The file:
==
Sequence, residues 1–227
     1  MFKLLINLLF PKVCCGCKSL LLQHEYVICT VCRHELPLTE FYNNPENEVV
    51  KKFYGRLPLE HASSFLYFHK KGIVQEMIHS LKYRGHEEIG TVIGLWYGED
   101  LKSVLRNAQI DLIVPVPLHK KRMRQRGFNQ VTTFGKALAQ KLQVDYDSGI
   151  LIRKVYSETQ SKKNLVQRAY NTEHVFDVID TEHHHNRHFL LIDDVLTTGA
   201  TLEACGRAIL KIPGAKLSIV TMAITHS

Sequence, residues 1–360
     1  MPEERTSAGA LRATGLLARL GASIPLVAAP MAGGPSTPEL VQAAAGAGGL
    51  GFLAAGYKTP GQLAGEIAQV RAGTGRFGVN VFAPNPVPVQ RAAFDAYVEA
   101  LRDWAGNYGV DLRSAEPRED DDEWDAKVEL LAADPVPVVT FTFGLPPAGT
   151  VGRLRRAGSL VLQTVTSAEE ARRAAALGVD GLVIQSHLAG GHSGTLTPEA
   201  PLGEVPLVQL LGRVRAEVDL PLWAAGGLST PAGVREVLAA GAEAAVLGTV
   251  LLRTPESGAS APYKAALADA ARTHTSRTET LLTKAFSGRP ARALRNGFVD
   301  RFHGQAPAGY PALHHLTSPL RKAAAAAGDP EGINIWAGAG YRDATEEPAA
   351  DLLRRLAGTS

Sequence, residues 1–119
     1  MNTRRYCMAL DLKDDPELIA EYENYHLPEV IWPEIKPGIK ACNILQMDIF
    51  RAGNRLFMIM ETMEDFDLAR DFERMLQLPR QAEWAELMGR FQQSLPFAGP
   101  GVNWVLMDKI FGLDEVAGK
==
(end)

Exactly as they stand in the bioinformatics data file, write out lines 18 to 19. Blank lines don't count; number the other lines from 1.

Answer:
    51  RAGNRLFMIM ETMEDFDLAR DFERMLQLPR QAEWAELMGR FQQSLPFAGP
   101  GVNWVLMDKI FGLDEVAGK